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Self-Driving Steered to Devens

Industry gets up to speed

April 28, 2016 : Boston Herald, by Jordan Graham

A handful of companies already are in discussions with officials to test self-driving cars in the Bay State — the first fruits borne from the state’s push to attract research and testing for autonomous vehicles.

“Within the next few weeks, they’ll be testing,” said Thatcher Kezer, senior vice president of Devens for MassDevelopment.

Kezer said four companies are working through paperwork that will allow them to test on 80 acres of former Army housing on the decommissioned base. Kezer declined to name the companies, but said one is testing a car, while another is testing sensors that will eventually be used in self-driving cars.

At a meeting hosted by state economic development and transportation officials yesterday, many in the burgeoning self-driving car industry urged the state to embrace what makes it unique: loads of talent, cutting-edge research institutions and even bad weather and bad drivers.

“It could be an ideal test bed, maybe a worst-case scenario (test). If your vehicle can drive in Massachusetts,” it can drive anywhere, said Ryan Harrington, chief of the Technology Policy and Innovation Division at the Volpe National Transportation Systems Center. “Market the challenging and complicated driving that happens here.”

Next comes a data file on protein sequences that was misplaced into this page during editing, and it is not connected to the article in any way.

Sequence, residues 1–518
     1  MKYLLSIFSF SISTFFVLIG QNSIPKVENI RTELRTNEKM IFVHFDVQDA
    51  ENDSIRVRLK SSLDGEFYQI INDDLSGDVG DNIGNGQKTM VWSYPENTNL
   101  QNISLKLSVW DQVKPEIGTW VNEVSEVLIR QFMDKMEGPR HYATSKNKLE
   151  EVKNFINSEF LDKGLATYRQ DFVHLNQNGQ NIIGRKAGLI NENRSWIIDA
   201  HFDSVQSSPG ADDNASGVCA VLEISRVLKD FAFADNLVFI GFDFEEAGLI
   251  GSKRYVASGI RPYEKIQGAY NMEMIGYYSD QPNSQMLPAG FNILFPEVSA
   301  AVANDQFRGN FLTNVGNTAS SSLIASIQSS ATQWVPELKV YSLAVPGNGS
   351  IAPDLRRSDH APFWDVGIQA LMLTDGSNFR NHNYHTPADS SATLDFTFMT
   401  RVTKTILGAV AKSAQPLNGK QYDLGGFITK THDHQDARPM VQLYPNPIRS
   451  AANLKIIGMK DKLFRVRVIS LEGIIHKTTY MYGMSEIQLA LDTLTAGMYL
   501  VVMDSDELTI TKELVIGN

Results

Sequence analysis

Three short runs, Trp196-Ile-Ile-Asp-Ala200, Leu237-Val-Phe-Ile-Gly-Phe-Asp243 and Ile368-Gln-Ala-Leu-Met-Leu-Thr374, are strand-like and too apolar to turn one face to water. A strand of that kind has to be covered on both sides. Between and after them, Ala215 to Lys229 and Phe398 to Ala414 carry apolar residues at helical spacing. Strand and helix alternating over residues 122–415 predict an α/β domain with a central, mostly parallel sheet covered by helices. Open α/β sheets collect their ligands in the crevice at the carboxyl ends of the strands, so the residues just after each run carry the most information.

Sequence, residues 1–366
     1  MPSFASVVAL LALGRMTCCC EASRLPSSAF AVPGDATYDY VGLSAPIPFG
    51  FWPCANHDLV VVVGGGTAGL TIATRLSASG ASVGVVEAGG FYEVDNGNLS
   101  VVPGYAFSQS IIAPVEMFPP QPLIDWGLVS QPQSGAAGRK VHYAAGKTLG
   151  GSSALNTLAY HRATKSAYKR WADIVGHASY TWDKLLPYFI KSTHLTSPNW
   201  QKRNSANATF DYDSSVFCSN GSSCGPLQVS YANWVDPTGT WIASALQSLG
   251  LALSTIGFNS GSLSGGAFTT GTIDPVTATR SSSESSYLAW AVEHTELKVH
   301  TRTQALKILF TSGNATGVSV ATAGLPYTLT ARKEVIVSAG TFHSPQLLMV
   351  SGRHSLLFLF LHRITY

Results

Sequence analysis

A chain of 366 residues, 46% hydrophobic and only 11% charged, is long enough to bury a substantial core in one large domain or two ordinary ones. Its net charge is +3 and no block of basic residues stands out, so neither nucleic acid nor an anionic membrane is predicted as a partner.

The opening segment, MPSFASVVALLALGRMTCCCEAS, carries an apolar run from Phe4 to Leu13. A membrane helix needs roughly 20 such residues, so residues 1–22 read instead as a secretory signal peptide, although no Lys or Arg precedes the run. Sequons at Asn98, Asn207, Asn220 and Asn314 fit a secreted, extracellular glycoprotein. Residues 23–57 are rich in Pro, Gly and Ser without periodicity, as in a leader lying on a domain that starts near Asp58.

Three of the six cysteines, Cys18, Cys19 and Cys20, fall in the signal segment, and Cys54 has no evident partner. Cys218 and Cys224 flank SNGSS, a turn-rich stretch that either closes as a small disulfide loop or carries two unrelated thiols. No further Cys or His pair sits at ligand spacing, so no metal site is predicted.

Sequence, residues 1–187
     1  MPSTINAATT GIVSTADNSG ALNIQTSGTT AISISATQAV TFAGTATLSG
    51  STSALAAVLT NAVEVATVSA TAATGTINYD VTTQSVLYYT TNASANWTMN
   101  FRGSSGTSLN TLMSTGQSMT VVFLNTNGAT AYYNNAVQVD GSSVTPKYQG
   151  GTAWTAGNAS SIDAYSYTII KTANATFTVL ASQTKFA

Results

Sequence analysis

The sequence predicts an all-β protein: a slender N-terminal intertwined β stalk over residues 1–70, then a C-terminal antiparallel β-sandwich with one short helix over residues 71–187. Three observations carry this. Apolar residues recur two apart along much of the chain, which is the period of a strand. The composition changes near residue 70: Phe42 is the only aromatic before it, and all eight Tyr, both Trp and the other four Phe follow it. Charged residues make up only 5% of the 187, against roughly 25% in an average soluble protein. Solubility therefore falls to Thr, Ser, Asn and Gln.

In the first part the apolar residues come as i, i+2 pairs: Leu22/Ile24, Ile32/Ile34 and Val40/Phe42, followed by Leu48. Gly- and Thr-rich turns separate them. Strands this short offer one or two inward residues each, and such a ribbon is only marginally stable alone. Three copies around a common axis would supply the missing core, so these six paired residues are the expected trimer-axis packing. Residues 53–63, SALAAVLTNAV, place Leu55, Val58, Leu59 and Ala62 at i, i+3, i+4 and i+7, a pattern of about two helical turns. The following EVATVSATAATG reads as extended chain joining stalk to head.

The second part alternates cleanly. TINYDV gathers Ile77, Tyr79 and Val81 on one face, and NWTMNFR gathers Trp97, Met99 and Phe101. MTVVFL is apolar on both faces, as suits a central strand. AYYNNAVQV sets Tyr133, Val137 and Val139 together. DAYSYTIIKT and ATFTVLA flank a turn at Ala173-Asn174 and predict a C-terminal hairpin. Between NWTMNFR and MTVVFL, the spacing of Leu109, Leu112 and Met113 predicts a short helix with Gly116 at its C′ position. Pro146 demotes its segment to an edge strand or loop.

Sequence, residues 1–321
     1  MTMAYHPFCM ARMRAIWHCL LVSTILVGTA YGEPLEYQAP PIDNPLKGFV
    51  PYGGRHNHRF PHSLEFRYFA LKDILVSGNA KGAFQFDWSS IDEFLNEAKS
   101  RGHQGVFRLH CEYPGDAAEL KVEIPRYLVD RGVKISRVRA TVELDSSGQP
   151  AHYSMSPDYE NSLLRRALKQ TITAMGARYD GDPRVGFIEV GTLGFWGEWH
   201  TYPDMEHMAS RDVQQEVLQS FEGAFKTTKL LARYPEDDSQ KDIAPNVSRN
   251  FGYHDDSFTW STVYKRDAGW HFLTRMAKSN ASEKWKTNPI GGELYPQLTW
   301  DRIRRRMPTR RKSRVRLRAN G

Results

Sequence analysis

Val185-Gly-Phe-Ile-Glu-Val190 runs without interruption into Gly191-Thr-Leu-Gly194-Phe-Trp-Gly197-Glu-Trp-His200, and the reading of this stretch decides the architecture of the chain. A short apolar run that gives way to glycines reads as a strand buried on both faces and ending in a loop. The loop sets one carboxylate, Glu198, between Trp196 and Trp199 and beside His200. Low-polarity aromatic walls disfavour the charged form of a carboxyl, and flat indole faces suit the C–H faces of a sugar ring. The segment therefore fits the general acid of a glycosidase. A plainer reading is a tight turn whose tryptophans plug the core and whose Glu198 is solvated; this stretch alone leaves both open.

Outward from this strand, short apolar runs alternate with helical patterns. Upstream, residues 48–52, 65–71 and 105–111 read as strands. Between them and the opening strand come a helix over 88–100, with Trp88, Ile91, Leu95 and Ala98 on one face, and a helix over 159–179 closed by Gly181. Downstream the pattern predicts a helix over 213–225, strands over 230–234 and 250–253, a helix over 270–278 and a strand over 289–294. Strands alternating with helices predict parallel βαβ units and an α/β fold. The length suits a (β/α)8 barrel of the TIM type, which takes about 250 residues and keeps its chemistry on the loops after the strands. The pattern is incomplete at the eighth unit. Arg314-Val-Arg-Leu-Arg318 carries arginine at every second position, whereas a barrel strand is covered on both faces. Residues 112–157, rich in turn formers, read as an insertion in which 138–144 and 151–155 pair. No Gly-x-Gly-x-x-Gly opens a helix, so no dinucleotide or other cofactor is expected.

James Pippine, an adviser at the new Toyota Research Institute in Cambridge, said car makers will be looking to cities and states to fine tune software and algorithms.

“What people are looking for is real good data in congested cities,” he said. “The driver here is erratic, that’s something we’re seriously looking at. You’re going to have to program cars differently for Boston, for Denver.”

The meeting comes after months of trying to get the nearly 100 engineers and executives in a room with Secretary of Economic Development Jay Ash and Secretary of Transportation Stephanie Pollack after the meeting was snowed out in February.

Companies at the meeting included GM, Volkswagen, Lyft, Zipcar and automaker trade associations.

The state will now try to craft a way forward to encourage more testing and eventually deployment of self-driving cars.

The self-driving industry is in the midst of a “space race,” said John Leonard, a professor at the Massachusetts Institute of Technology’s Computer Science and Artificial Intelligence Laboratory.

“To make these systems a reality, it’s the software, it’s the algorithmic part, things that Massachusetts is really good at,” Leonard said. “We need to make sure the technology development happens here.”

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